AMP-Activated Protein Kinase: A Target for Drugs both Ancient and Modern

D Grahame Hardie (Lead / Corresponding author), Fiona A Ross, Simon A Hawley

    Research output: Contribution to journalReview articlepeer-review

    302 Citations (Scopus)
    189 Downloads (Pure)


    The AMP-activated protein kinase (AMPK) is a sensor of cellular energy status. It is activated, by a mechanism requiring the tumor suppressor LKB1, by metabolic stresses that increase cellular ADP:ATP and/or AMP:ATP ratios. Once activated, it switches on catabolic pathways that generate ATP, while switching off biosynthetic pathways and cell-cycle progress. These effects suggest that AMPK activators might be useful for treatment and/or prevention of type 2 diabetes and cancer. Indeed, AMPK is activated by the drugs metformin and salicylate, the latter being the major breakdown product of aspirin. Metformin is widely used to treat diabetes, while there is epidemiological evidence that both metformin and aspirin provide protection against cancer. We review the mechanisms of AMPK activation by these and other drugs, and by natural products derived from traditional herbal medicines.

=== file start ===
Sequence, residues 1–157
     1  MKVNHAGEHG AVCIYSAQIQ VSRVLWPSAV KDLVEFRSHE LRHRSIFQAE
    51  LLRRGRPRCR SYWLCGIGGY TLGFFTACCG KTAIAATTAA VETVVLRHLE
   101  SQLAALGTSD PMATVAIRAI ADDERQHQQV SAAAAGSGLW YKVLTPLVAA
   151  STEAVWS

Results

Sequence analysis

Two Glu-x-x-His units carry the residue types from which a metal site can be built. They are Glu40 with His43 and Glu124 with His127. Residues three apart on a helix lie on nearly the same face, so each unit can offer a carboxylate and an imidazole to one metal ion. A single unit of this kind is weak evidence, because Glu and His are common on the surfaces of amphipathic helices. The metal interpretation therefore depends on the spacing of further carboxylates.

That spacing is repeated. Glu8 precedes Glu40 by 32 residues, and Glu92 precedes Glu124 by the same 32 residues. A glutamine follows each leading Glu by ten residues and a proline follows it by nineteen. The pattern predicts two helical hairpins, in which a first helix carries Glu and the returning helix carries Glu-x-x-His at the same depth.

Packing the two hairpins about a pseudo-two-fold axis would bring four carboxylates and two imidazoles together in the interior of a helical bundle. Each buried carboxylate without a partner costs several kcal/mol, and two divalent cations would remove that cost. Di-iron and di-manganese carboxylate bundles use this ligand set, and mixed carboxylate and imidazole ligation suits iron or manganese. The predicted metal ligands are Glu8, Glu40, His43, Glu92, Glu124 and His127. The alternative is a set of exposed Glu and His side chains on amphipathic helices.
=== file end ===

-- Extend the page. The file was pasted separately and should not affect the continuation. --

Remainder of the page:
Original languageEnglish
    Pages (from-to)1222-36
    Number of pages15
    JournalChemistry & Biology
    Issue number10
    Publication statusPublished - 26 Oct 2012


    • AMP-Activated Protein Kinases
    • Anti-Bacterial Agents
    • Diabetes Mellitus, Type 2
    • Humans
    • Hypoglycemic Agents
    • Metformin
    • Neoplasms
    • Protein-Serine-Threonine Kinases
    • Salicylates
    • Journal Article
    • Research Support, Non-U.S. Gov't
    • Review


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